Background : Transgender and gender expansive (TG/GE) youth face barriers to healthcare and are at high risk for poor medical and psychosocial outcomes including mental illness, substance abuse, suicide, infection with HIV and other STDs, homelessness, and experiences of violence and victimization. Health-related quality of life (HRQOL) assessments can provide insight into patients’ self-perceived physical and mental health and may identify and help to prioritize healthcare needs.
1. To quantify HRQOL of TG/GE youth in the GWC Registry
2. To compare the HRQOL of TG/GE youth receiving care at the rural GWC to standardized population norms
Methods : Sample: Pediatric patients (ages 8-21) receiving gender-affirming care and enrolled in the GWC Registry (N=142).
HRQOL is assessed at baseline and every two years thereafter using the Child Health Questionnaire-87 (CHQ-87) for youth <18 years of age and the Short Form-36 (SF-36v2) for youth ages 18-21.
One-sample z-tests (CHQ) and independent two-sample t- tests (SF-36) were used to compare QOL scores of TG/GE youth with US Population Norms; CHQ scores were also compared to scores of youth with two chronic conditions. Linear regressions were performed to test associations between demographic, clinical and mental health variables captured in the Registry and HRQOL subscale scores.
Results : 142 youth were enrolled in the Registry (97% recruitment rate); QOL data were available for 89% of registry participants (N=127).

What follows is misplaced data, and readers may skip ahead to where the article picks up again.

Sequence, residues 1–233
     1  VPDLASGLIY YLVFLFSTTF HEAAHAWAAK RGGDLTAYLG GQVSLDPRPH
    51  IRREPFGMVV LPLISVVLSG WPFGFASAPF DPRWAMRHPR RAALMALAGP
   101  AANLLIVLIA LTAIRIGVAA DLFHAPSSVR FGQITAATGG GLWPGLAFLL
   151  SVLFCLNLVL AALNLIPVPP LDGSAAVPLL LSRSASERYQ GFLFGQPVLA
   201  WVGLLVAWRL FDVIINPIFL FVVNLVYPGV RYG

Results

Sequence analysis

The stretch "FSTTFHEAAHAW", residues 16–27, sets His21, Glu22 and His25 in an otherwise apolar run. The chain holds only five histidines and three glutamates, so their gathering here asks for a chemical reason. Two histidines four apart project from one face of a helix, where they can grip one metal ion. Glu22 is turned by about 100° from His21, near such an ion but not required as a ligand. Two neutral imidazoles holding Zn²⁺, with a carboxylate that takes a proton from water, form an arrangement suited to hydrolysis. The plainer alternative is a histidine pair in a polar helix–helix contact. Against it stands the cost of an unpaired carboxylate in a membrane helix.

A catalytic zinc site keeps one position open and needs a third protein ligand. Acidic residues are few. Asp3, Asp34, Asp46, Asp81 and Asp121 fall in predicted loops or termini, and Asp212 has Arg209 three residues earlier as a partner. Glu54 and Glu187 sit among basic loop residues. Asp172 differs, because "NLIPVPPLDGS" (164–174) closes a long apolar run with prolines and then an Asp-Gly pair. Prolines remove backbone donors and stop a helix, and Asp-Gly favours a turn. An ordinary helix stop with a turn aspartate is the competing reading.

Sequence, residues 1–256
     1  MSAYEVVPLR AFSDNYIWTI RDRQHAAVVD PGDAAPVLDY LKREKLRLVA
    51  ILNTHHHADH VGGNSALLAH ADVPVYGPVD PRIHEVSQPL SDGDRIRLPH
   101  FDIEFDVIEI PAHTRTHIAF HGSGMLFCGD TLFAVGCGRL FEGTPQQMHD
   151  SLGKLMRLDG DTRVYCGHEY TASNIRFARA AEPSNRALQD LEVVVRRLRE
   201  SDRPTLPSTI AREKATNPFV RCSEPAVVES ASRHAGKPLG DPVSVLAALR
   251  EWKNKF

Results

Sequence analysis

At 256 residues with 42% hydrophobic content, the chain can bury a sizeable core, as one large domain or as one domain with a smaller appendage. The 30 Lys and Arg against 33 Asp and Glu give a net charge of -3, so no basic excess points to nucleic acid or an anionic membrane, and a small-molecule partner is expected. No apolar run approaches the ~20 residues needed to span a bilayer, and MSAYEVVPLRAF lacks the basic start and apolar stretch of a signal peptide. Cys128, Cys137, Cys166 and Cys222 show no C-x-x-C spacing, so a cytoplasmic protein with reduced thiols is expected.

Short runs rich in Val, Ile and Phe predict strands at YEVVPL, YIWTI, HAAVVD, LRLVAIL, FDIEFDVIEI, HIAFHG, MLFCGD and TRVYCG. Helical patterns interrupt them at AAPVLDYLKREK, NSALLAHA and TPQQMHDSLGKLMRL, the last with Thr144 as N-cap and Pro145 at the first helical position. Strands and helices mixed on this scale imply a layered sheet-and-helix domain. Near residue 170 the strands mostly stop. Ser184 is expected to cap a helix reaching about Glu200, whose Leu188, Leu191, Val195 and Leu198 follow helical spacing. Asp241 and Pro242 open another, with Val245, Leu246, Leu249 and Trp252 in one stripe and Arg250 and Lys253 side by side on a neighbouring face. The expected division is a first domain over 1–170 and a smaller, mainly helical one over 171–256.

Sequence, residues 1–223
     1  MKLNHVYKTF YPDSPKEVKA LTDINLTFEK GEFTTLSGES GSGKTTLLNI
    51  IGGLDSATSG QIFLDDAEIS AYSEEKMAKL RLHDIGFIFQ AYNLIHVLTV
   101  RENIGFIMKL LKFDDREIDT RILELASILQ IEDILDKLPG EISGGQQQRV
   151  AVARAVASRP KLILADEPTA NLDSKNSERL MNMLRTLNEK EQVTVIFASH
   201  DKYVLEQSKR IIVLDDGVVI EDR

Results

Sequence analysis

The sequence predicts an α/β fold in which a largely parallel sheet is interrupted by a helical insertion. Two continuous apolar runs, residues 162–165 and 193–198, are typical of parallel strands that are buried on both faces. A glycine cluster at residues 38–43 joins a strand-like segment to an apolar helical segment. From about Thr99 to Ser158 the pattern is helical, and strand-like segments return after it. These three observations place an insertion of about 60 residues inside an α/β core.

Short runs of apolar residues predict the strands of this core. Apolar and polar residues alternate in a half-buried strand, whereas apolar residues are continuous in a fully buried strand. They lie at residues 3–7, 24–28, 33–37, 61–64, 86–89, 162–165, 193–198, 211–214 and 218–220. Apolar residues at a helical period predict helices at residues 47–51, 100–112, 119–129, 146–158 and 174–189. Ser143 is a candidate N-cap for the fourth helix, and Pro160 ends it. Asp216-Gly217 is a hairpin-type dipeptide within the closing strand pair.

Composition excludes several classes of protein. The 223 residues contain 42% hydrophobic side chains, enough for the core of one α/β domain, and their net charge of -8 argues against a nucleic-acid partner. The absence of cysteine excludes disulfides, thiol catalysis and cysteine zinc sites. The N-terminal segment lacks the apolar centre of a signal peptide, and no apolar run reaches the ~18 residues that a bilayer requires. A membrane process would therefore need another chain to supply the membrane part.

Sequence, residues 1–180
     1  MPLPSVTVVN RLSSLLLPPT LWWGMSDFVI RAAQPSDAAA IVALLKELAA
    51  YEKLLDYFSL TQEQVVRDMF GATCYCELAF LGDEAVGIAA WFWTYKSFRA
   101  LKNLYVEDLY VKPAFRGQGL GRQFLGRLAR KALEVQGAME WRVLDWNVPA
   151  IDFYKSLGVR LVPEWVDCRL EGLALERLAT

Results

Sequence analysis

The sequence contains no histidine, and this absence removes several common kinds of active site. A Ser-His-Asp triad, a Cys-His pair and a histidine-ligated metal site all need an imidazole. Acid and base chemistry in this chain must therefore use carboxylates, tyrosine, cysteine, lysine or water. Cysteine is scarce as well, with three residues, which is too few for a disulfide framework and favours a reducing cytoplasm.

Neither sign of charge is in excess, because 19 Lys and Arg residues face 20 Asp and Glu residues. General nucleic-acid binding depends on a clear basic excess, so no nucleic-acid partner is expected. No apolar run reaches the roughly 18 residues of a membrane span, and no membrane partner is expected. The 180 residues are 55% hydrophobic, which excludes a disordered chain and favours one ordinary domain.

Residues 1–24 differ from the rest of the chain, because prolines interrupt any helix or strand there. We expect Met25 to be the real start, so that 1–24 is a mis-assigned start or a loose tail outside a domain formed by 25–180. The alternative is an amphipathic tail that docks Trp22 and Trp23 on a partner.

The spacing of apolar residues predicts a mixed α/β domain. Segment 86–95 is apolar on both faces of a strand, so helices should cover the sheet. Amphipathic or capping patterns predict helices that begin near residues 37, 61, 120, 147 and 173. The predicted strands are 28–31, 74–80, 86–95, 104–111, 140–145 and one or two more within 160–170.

TG/GE youth scored significantly lower than U.S. norms and youth with two chronic conditions on all subscales, with the exception of the “role/social limitations – physical” subscale. Anxiety disorder diagnosis and history of suicidal ideation or attempt were significantly associated with lower physical functioning (p=0.013; p=0.040) and lower mental health (p=0.023; p=0.038) subscale mean scores. History of non-suicidal self-injury (NSSI) and family history of mental illness were also significantly associated with lower mental health subscale mean score (p=0.031; p=0.047).
TG/GE youth scored significantly higher than the 2009 U.S. norm on the physical functioning, physical role, bodily pain, general health and physical component summary scales. TG/GE youth scored significantly lower on the social functioning, mental health, emotional role, and mental component summary scales. Anxiety disorder diagnosis was significantly associated with lower mental component summary mean score (p=0.031); youth with anxiety scored significantly lower on the social functioning (p=0.018) and mental health (p=0.033) subscales. Youth with a history of NSSI scored significantly lower on the vitality (p=0.049) and mental health (p=0.035) subscales. Socially transitioned youth scored significantly higher on the social functioning subscale (p=0.040); youth who had undergone gender confirmation surgery scored significantly higher on the physical functioning subscale (p=0.003).
Conclusions : Cross-sectional HRQOL data from a registry of TG/GE youth indicate significantly poorer mental health measures as compared with the U.S. general population. Youth